“Organizing, Promoting and Enabling Heritage Re-use through Inclusion, Technology, Access, Governance and Empowerment” (Open Heritage): a research project funded by Horizon 2020 for theorizing and testing inclusive governance models for adaptive heritage re-use

“Organizing, Promoting and Enabling Heritage Re-use through Inclusion, Technology, Access, Governance and Empowerment” (Open Heritage): a research project funded by Horizon 2020 for theorizing and testing inclusive governance models for adaptive heritage re-use

The Public Archaeological Park of Centocelle

LUISS University and LabGov have achieved an important goal at European level! They are, in fact, involved in the project “OpenHeritage” admitted to funding in the Horizon 2020 program: LUISS University is part of the interdisciplinary EU consortium for the realization of the project.

The project “Organizing, Promoting and ENabling HEritage Re-use through Inclusion, Technology, Access, Governance and Empowerment, (hereinafter: OpenHeritage)” aims at creating, testing and optimizing an inclusive governance model of adaptive heritage re-use and an interdisciplinary toolbox which will be tested in six diverse Cooperative Heritage Labs (CHLs) to produce usable and transferable results. The main idea behind the project is that abandoned or underused buildings, areas, which have a symbolic or practical value for heritage communities, represent also important instruments and opportunities to increase social cohesion, introduce innovative bottom-up economic activities and create employment opportunities.

Starting from the assumption that the heritage preservation and management efforts are often inefficient and unsustainable, and from the assumption that local communities can play an important role in solving this lack, the starting point of the project is the possibility of empowering the local community in the redevelopment process of cultural heritage sites. Hence, the work will be based on the concepts of heritage community and participatory culture. The methodology adopted is built on a case-study approach on the one hand, and an action research methodology on the other. An important goal of the project is the development of innovative financial tools in order to develop alternatives and to enable local communities and their actions to be economically sustainable.

The partnership

The project will be realized throughout four years (starting in June 2018/2021) by a large and diverse consortium composed by 16 participating organisations: Metropolitan Research InstituteEutropianUniversiteit GentNewcastle University, Humboldt Universität zu BerlinOddział Warszawski Stowarzyszenia ArchitektówICLEIEuroditeStiftung triasUniversita degli Studi Roma TreCenter for Urban History of East Central EuropeLUISS Libera Universita Internazionale Degli Studi Sociali Guido CarliPlatoniq Sistema CulturalCentral European UniversityCamara Municipal de LisboaTyne & Wear Building Preservation Trust. The lead partner and project coordinator is the Metropolitan Research Institute based in Budapest. LUISS University is a partner affiliated to the project through LabGov (LABoratory for the GOVernance of the Commons) and will bring a trans-disciplinary set of scholars; Christian Iaione (UniMarconi and LUISS school of Political Science, co-director of LUISS LabGov); Michele Sorice; (School of Political Science) Emiliana De Blasio (School of Political Science); Francesco Rullani; (School of Economy); Daniele Gallo (School of Law); Elena De Nictolis; (Phd Candidate, School of Political Science) and will bring on board other Phd students and post-doc researchers that will be selected in the upcoming months.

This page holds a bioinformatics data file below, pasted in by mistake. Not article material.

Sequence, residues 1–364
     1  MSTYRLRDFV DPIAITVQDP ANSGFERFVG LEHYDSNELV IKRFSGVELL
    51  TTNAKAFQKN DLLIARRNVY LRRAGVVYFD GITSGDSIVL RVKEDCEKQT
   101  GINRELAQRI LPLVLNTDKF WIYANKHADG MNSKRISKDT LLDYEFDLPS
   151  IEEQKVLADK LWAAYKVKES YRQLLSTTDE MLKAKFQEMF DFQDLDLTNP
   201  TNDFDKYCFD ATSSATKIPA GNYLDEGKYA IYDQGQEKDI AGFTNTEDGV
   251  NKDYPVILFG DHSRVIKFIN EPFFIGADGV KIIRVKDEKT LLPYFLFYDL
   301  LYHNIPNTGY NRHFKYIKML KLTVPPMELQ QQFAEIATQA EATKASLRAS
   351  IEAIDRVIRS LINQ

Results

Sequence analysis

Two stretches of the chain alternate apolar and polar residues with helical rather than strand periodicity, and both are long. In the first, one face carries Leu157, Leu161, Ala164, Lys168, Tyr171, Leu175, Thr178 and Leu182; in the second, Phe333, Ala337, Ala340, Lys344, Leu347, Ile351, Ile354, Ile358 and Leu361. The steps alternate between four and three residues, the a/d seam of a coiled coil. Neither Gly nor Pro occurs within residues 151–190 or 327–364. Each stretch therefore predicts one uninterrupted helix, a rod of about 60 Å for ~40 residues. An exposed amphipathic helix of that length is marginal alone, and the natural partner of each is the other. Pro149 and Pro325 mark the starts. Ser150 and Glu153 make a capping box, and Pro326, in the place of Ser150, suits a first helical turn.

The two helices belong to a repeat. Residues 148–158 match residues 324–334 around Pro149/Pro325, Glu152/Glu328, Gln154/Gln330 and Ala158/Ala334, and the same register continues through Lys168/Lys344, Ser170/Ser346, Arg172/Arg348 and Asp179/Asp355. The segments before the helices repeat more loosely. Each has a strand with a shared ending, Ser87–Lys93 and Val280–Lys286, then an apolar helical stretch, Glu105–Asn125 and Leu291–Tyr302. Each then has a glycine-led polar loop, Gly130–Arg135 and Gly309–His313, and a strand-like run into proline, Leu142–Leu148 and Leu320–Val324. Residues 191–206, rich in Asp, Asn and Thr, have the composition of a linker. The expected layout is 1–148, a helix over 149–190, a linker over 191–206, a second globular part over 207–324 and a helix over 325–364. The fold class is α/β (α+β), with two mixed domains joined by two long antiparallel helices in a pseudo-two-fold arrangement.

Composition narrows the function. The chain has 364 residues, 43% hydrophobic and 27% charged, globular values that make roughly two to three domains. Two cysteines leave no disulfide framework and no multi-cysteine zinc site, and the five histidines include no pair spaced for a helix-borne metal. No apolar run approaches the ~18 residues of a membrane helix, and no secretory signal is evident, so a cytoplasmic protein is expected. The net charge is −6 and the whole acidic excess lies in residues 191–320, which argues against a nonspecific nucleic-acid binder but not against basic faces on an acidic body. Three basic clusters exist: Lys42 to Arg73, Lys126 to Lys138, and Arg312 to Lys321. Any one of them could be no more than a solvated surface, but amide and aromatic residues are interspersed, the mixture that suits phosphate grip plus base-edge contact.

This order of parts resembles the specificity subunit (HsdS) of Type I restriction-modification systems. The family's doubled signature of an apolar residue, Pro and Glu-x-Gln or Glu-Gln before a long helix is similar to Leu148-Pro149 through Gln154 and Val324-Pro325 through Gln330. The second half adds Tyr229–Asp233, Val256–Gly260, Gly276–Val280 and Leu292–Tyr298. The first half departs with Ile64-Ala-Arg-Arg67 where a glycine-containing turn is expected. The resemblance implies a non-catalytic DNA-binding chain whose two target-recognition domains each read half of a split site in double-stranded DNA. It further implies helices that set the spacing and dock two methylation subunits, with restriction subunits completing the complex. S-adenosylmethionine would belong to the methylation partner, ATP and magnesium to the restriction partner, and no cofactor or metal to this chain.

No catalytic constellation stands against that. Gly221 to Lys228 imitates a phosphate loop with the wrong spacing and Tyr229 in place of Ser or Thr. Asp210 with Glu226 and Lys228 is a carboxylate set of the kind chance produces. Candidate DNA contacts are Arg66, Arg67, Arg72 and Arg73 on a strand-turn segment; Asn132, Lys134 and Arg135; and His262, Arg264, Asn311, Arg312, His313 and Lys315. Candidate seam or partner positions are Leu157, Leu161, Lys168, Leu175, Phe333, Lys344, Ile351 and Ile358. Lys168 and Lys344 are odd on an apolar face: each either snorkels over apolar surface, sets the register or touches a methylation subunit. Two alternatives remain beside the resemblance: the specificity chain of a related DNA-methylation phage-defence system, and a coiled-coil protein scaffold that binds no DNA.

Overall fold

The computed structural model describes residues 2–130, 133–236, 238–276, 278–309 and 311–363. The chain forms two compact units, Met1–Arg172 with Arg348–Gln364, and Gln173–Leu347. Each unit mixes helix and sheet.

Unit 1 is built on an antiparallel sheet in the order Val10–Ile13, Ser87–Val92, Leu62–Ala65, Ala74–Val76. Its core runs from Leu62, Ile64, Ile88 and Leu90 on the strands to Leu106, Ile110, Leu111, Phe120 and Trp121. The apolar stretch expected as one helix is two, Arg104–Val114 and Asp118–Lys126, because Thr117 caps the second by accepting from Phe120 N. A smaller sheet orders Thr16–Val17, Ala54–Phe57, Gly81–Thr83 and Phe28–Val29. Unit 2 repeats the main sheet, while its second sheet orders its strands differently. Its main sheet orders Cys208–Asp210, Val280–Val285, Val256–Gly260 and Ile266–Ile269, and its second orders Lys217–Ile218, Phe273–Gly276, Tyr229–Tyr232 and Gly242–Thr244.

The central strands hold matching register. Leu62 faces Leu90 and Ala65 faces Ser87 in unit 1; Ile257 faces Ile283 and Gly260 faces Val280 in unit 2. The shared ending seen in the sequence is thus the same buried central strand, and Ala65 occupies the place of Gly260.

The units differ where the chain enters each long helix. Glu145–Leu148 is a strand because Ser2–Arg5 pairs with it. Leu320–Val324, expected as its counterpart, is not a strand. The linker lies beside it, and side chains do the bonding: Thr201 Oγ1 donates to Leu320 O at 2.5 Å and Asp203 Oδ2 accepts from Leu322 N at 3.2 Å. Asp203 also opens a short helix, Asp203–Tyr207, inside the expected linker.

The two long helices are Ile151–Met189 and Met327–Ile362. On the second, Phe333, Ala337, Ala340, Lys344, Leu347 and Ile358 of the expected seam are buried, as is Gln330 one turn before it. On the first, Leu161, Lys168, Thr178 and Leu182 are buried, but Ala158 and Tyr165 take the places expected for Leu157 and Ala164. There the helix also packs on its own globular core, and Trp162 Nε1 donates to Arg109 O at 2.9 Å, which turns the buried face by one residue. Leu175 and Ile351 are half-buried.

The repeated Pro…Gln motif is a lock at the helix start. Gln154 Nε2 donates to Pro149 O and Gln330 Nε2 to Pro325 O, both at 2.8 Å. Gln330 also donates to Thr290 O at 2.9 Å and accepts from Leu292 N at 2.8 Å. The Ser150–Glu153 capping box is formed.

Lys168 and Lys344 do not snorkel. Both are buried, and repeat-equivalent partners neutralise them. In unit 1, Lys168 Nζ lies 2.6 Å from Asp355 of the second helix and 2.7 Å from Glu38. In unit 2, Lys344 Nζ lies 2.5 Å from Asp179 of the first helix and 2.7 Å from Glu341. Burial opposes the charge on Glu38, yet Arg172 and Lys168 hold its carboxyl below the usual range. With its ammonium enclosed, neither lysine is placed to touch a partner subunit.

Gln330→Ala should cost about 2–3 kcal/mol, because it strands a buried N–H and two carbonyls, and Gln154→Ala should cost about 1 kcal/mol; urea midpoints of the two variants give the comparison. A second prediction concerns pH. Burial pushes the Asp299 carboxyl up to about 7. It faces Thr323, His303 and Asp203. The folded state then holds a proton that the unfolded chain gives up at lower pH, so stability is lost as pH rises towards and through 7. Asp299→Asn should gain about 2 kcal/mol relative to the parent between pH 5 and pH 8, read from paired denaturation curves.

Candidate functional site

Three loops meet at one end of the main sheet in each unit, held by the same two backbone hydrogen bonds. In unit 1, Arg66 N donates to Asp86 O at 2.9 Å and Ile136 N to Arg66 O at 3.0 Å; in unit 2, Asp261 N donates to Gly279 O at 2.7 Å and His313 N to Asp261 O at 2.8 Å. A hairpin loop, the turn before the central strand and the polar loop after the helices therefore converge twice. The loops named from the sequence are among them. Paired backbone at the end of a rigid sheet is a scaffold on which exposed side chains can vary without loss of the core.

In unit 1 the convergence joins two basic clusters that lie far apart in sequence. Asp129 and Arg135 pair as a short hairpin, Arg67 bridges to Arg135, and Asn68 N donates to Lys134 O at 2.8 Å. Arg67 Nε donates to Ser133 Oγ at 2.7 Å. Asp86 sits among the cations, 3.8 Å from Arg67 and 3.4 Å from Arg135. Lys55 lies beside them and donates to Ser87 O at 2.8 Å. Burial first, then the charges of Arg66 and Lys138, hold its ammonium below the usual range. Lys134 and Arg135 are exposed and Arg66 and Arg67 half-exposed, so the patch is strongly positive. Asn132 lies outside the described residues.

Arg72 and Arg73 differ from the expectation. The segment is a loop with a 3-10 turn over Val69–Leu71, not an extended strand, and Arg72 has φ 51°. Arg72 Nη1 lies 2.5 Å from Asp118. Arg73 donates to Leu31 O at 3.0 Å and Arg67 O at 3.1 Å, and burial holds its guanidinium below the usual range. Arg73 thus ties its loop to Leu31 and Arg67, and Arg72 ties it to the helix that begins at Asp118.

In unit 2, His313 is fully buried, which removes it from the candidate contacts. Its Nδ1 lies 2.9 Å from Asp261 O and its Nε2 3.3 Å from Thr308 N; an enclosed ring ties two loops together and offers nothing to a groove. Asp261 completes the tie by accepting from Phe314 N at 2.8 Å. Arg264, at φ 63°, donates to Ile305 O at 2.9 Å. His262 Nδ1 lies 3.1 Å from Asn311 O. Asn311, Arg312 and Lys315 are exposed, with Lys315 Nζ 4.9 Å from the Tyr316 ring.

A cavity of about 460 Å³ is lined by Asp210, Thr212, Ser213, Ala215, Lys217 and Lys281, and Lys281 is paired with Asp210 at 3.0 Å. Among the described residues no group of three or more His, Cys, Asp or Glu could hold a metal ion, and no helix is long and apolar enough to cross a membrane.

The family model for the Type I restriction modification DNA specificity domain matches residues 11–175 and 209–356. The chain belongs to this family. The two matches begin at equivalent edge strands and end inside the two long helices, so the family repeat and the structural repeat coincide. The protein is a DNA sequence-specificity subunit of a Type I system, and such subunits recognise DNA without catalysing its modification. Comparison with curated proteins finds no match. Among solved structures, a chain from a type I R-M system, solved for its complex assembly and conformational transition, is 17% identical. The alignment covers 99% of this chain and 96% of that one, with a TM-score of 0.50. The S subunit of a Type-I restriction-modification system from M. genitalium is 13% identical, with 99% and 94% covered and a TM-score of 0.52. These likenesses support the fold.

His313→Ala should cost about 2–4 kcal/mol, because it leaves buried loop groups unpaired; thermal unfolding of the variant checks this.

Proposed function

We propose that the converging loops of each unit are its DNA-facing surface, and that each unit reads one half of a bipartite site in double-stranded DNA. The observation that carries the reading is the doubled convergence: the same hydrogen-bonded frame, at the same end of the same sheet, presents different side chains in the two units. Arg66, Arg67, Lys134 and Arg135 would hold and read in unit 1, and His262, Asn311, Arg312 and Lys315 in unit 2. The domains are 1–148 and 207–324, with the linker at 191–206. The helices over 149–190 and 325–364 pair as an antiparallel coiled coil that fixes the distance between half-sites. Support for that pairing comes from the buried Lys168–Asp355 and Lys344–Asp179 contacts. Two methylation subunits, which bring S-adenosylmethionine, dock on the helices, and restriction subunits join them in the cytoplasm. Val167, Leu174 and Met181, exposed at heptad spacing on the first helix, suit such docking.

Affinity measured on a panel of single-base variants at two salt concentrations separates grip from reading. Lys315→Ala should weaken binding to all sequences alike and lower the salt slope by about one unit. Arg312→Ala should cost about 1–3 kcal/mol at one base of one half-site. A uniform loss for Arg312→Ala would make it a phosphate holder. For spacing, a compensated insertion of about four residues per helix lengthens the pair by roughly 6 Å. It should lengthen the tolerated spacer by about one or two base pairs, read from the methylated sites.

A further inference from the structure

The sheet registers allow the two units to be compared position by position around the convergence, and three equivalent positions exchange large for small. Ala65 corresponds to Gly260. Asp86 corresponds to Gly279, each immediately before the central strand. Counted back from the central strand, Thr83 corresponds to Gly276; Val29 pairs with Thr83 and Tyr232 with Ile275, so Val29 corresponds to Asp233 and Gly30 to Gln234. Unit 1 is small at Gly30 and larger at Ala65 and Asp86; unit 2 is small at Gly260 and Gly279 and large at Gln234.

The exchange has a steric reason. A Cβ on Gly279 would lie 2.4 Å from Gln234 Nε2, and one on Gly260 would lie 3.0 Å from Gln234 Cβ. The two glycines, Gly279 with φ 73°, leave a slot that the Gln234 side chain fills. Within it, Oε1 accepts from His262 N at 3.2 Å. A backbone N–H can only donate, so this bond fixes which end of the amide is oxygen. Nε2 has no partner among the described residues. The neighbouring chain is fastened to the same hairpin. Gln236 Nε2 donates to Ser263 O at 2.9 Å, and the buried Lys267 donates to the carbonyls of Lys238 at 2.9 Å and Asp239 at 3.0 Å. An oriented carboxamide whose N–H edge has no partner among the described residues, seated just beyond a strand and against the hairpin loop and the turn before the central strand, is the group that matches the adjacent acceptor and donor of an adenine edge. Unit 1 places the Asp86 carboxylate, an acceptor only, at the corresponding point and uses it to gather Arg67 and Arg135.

The work plan and the role of LUISS-LabGov

The work plan consists in 6 working packages and the work is built around the following guidelines:

  1. Diagnose what works, and what does not, in the adaptive re-use of cultural heritage currently
  2. Identify the micro and macro level conditionality of good practice transferability
  3. Explore, create and test new tools and methods that advance the more efficient adaptive re-use of cultural heritage assets in term of societal value, economic and environmental sustainability
  4. Disseminate the results

LUISS University is involved in work packages number 2, 34, 5, 6 and 7: in  WP2, it will lead the task on the analysis of 16 Observatory Cases (OCs). The OCs are existing re-use cases, dispersed across Europe that provide the micro level perspective in the multi-level analytical framework of OpenHeritage. The OC analysis will be based on three main pillars of OpenHeritage:

  • community and stakeholder integration
  • resource integration  
  • regional integration

and will contribute to establishing new tools to support adaptive re-use, will provide ideas for the 6 CHLs and help to  identify the main bottlenecks and drivers of adaptive re-use today, also contributing to the work on the transferability matrix as well . The Luiss-LabGov team will play a major role in work package 4, which consists of setting up, managing and evaluating the six Cooperative Heritage Labs, which are adaptive re-use laboratories aimed at creating transferable and adaptable models across Europe. They are set up in different European regions covering several heritage types, having as a common denominator their collocation outside of main urban and touristic centres. One of the six CHLs selected is the Roman case of the Parco Arceologico of Centocelle, which is part of the wider project Co-Roma, carried out by LabGov in collaboration with ENEA, LUISS University and the local community. It is aimed at developing an idea of collaborative city by applying the five key design principles for the urban commons (urban co-governance, enabling state, experimentalism, poolism, tech justice) and more in general the CO-City Protocol, and creating a smart co-district. In the framework of the project the role of heritage will be explored as well, and new methods of using heritage as a catalyst for social development will be tried.